Monday, April 9, 2012

Setting Expeditions: The Hero Universe, Part IV -- Cowboys and Victorians

So, here we are just about to hit the modern era of the Hero Universe. The past three installments can be found here...

Setting Expeditions: The Hero Universe, Part I -- Pre-Cataclysm
Setting Expeditions: The Hero Universe, Part II -- Post-Cataclysm to the Medieval Era
Setting Expeditions: The Hero Universe, Part III -- Musketeers, Pirates, and Revolutions

... and we still have quite a ways to go. No time to dawdle then! On to Leagues of Extraordinary Gentlepersons and Blazing Saddles!

Victorian Hero (1837 to 1910)
A page from Bernie Wrightson's awe-inspiring masterwork: Frankenstein.
His linework and visual interpretation of the novel goes a long way to
evoking the feel of the era and the story. The resoluteness of Frankenstein
and the power and savage strength of his monster are so vivid here.

A fine time for adventures, beginning with Queen Victoria’s ascension to the throne and the invention of the cartridge. Encompasses great explorations, gold rushes, frontiers, the American Civil War, lost lands, darkest Africa, strange forbidden magics, Frankenstein, the Mummy, Dracula, Fu Manchu, Sherlock Holmes, Captain Nemo, and more. Hudson City is a hustling, bustling center of commerce and culture, second only to New York City in the Americas.

As yet, no “superheroes” exist, but there are “masked adventurers” from time to time, and many more who are not masked. Toward the end of this period some people begin to verge, albeit slightly, toward true “superpowers”; this is best seen in Hawley Griffith, the so-called “Invisible Man,” and Dr. Jekyll. The presence of “steampunk” weird science is also possible.

For influence and ideas, see the works of Haggard, Doyle, Verne, Stoker, and Wells.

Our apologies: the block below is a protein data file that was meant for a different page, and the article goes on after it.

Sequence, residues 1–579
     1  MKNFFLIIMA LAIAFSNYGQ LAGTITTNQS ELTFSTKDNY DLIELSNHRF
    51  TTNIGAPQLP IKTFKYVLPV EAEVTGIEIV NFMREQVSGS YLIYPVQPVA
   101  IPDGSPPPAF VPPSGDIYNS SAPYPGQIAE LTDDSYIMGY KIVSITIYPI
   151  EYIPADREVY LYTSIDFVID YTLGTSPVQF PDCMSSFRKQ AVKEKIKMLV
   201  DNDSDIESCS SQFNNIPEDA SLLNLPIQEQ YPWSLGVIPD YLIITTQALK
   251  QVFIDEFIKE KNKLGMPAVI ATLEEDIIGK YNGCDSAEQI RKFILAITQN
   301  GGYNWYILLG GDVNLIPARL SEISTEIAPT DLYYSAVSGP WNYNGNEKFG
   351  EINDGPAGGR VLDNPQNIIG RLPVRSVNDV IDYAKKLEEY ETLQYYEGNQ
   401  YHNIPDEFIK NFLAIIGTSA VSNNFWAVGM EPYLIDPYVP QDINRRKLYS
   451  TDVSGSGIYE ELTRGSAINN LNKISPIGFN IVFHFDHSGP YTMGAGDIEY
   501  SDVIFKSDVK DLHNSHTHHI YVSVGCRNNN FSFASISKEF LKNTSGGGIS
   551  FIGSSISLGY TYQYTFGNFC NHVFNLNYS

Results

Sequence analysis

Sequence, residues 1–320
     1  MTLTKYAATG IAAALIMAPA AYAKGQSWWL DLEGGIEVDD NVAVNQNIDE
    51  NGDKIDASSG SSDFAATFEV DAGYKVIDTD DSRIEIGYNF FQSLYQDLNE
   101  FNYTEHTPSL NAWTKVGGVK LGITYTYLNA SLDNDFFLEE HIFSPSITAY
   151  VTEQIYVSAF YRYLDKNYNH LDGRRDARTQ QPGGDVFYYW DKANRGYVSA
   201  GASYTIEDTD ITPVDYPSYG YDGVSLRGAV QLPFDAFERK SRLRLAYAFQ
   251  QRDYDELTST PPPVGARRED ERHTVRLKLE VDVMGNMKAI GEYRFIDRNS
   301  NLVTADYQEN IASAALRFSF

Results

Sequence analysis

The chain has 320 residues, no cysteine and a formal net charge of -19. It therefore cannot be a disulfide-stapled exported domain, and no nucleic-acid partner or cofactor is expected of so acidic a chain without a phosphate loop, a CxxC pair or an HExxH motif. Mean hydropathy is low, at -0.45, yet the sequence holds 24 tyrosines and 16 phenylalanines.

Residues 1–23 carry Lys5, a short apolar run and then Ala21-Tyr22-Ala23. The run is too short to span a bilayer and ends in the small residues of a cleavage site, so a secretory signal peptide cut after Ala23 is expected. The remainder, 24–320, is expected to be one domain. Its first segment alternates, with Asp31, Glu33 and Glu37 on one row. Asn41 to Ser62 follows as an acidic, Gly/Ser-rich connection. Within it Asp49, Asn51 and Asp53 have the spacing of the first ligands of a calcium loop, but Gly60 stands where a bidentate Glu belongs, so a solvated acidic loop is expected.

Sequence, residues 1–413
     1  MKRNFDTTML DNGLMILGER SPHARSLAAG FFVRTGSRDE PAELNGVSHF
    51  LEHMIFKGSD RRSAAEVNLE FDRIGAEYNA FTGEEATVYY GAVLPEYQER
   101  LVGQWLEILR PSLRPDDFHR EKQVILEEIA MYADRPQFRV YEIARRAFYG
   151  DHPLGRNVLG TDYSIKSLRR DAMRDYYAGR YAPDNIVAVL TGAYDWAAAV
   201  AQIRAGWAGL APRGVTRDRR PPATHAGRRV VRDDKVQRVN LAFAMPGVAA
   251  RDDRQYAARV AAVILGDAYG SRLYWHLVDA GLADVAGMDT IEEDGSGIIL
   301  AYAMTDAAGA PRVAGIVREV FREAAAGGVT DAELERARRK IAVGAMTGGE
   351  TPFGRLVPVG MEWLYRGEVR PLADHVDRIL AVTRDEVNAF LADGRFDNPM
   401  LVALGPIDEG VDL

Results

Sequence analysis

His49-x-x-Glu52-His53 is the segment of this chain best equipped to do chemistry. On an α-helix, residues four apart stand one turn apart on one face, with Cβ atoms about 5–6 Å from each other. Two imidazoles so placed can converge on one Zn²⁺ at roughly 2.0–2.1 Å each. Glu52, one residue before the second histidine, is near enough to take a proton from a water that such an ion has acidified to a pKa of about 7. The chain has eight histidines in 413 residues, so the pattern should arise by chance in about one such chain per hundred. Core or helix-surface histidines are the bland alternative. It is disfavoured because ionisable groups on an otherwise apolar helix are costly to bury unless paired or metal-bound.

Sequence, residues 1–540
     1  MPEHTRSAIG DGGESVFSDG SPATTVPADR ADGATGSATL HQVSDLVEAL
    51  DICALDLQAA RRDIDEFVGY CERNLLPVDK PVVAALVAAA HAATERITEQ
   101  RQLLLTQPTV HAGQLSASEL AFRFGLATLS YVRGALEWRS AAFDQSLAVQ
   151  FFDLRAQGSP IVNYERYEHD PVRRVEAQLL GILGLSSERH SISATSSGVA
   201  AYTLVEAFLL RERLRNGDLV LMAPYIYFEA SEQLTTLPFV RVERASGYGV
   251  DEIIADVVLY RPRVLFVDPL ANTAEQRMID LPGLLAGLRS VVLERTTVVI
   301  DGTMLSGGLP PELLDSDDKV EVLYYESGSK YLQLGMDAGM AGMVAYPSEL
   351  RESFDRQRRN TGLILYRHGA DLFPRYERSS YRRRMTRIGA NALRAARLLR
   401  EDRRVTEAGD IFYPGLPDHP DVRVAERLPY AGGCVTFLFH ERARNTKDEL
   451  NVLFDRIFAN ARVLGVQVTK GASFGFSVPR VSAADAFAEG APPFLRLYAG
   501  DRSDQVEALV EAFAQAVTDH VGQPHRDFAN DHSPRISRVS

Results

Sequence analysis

Note: This era has blossomed into many different types of genre variants and pastiches for gaming. In addition to Steampunk and Faeriepunk (Castle Falkenstein, I'm looking at you), Alan Moore's League of Extraordinary Gentlemen graphic novels really opened the eyes of many people to the wonders of adventuring in a world where elements of fiction set in the era are/were true. Of course, fans of the work of Jules Verne were sold on the idea long before.

Western Hero (1866 to 1890)

The Wild West, an era of gunfighters, Indians, lawmen, outlaws, gamblers, saloon gals, and trains. Some magical or strange elements — shamanic magic, steampunk science, vampires — could also exist.

I was never able to collect all the graphic novels of Lucky Luke, unlike my Tintin and Asterix collections.
But the man who shoots faster than his own shadow has a certain charm that I wish I'd been able to complete.


Note: well, heck. This is a genre that also has tons of source material for it in various media. My fascination for it on this blog has tackled Western RPGs, an ongoing weird west comic known as The Sixth Gun, and my strangely popular post on a seminal Filipino Western movie. Like many of the eras in the timeline, this era deserves a sourcebook on its own -- and this is the strength of the Hero Universe: the ability to provide a broad canvas for nearly of all the heroic eras in a single timeline.

2 comments:

  1. It is truly an extremely evocative era for a game setting. I think Sherlock Holmes combined with Cthulu would make a suitable pairing, but shift the super sleuth back towards the time of Jack the Ripper.

    Excellent post, very thought provoking indeed. 10/10 :)

    ReplyDelete

That's my side of things. Let me know what you think, my friend.

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